'This Old Crack House' #36: I needed to win the lottery … and see Dr Phil…

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Blog entry by Dusty posted 04-25-2007 05:39 PM 2804 reads 0 times favorited 7 comments Add to Favorites Watch
« Part 35: "This wasn’t Martha Stewart’s Kitchen"… Part 36 of 'This Old Crack House' series Part 37: This was no stairway to heaven…. »

I discovered during the demo of the old kitchen that the sink had a slow leak that had been dripping water for quite some time, causing the subfloor and floor joists to rot. The plumbing had also been leaking in the walls for some time. This discovery caused me to open up the whole wall to access what needed to be done by exposing all of the old plumbing. As a result, I decided to tear out every inch of the plumbing and start over from scratch. I also had to repair and replace the old rotted subfloor and joists.

That familiar sick feeling returned again, as did that pain located in my wallet.

Keeping with my overall plan of gutting out what had to be replaced, in order to make the house livable and code compliant, I moved on to the upstairs floor.

I wouldn’t be able to get an accurate picture of what needed to be done, or the costs, until I had the entire house exposed. I knew this would be substantial and time-consuming. I wasn’t prepared for the enormous task ahead of me; however I had no choice at that point; there was no turning back.

It’s like being in a swamp full of alligators snapping at your heels. It’s hard to remain focused that the purpose for being in the swamp was to drain it.

I was faced with an enormous and likely very expensive challenge. This required some rethinking and additional planning on my part.

It because clear to me that I would have to make the repairs and sell the house. I simply wouldn’t be able to rent the house out for sufficient enough revenue to cover both the mortgage and repairs costs. I saw no alternative but to take out a second mortgage for these unexpected costs.

I had already received a credit-line increase on my credit cards, but I would maximize these in short order. Besides, in my opinion, the interest rates were unacceptable and bordered on loan sharking.

In order to qualify for a second mortgage, I would have to also raise my income or add some supplemental income. My part time job as a bus driver paid well, but not nearly enough to qualify me for what I would need to hold two first mortgages and a second. This second mortgage would be in addition to my other monthly expenses. These included the carrying costs of various projects I had taken on to fund my shop and remodel my home.

Simply, I was over-extended financially. I thought how nice it would be to win the lottery.

Getting back to reality, I had to quickly make some hard choices. Time is money and both were running out fast. Every day that passed my financial resources were hemorrhaging faster than I could replace them.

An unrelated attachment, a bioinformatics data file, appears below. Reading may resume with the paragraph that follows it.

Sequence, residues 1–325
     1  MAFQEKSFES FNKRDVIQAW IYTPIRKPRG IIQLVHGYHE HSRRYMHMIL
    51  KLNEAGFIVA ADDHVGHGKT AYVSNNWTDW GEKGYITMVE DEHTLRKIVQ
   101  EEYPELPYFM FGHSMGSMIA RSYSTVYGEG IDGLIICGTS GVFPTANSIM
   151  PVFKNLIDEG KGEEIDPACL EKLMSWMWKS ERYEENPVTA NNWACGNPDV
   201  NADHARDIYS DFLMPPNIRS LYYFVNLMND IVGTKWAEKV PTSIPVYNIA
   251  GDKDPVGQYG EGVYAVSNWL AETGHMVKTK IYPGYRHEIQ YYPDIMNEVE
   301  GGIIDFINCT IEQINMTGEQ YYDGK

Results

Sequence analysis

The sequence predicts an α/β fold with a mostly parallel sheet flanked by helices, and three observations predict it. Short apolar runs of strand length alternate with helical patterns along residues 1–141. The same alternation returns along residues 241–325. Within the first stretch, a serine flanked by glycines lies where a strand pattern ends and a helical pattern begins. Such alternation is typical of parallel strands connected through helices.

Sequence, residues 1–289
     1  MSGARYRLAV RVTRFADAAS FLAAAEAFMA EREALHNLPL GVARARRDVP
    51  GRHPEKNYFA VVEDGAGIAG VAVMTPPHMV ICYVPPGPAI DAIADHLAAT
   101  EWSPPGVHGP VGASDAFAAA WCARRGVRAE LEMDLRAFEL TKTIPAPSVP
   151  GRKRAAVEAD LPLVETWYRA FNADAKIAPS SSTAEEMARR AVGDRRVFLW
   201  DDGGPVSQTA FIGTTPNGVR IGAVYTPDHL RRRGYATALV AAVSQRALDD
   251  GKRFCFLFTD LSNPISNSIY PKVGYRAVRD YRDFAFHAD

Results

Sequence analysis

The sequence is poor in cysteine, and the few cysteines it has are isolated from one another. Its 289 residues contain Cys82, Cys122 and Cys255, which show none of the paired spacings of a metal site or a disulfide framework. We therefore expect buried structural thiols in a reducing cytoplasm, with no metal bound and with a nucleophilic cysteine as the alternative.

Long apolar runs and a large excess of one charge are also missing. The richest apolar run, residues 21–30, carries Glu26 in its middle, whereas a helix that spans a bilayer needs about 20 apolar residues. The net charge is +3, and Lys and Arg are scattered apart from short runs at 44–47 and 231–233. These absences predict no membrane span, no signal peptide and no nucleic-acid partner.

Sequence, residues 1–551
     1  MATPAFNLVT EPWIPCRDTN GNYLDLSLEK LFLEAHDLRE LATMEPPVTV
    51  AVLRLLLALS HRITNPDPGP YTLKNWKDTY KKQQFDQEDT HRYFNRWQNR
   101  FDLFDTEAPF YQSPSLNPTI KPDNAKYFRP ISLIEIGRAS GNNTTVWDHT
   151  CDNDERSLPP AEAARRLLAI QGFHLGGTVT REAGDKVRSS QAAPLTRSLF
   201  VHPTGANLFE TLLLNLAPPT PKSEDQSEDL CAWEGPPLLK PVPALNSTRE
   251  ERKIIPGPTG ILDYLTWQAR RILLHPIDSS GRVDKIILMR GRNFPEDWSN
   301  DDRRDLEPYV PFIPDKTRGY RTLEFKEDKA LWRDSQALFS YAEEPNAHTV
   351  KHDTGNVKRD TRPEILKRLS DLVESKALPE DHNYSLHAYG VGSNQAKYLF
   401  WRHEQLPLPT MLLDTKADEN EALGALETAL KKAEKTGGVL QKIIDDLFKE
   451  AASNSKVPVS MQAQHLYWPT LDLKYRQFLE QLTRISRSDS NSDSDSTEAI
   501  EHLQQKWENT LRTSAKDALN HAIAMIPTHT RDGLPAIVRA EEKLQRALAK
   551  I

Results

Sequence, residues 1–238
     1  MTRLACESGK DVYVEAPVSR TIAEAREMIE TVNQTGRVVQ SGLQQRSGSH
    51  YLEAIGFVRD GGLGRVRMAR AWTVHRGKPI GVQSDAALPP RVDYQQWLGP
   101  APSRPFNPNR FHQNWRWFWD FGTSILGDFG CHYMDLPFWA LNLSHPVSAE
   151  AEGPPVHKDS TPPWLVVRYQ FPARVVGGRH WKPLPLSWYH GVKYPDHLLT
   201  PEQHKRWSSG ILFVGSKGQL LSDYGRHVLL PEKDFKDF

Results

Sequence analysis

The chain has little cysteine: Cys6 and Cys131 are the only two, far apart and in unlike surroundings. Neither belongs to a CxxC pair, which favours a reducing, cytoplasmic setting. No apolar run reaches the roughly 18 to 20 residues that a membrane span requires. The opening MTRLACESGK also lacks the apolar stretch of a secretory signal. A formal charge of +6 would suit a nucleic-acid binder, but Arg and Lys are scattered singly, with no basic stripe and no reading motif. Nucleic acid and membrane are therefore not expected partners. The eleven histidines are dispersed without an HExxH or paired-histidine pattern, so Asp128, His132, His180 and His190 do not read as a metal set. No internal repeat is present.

One word pretty much described my feelings at the time, and it wasn’t joyful.


I had to work my split-shift as a bus driver and work on the house between shifts during nights and on the weekends. This resulted in an exhausting seven day work-week.

In addition to the physical demands the job placed on my body, I found the biggest challenges were mental. Not only was I worrying and wondering about the costs and how I would fund the project, but I found it difficult to remain motivated when I was so physically tired. I began to question my own resolve, my physical abilities and my skills to complete the work; in short, I felt overwhelmed.

But, I had to stay focused and not offer my resignation to the house because I knew it would accept.

This was not easy.

I had a lot of support from friends and others who had followed my work in the past. My business partner was there with me every step of the way.

He never showed his doubt. I knew he felt the same way that I did, but he trusted that I would figure it out and we would get through this project like we had so many others.

For the first time ever I had serious doubts. I knew I didn’t dare show this part of me to anyone. I just keep these feeling to my self and forged on.

I was walking wounded; never-the-less, I was still walking.


Something had to give and it did. It wasn’t what I wanted or had imagined.

It was devastating.

Due to budget cuts, my friend, Sid, shop helper and sidekick for the last four years, had been laid off from his school teaching position of some nine years. He was distraught, as was I.

I knew it would be very hard for him to find a teaching job. Not only had nine hundred teachers just been laid off from one city, but the budget was still millions in the red. He was at the top of the pays scale due to his Master’s Level qualifications and was not the kind of teacher a cash-strapped school board would be hiring.

I knew he would be looking towards me for a full time job. If I had been able to afford to hire him I would have done so in a heartbeat. I needed help with this project and we had worked together on several projects. He had caught on to remodeling well and had become a valued asset.

I had to find a way to hire him to help me. This would buy him some time to find a new teaching job.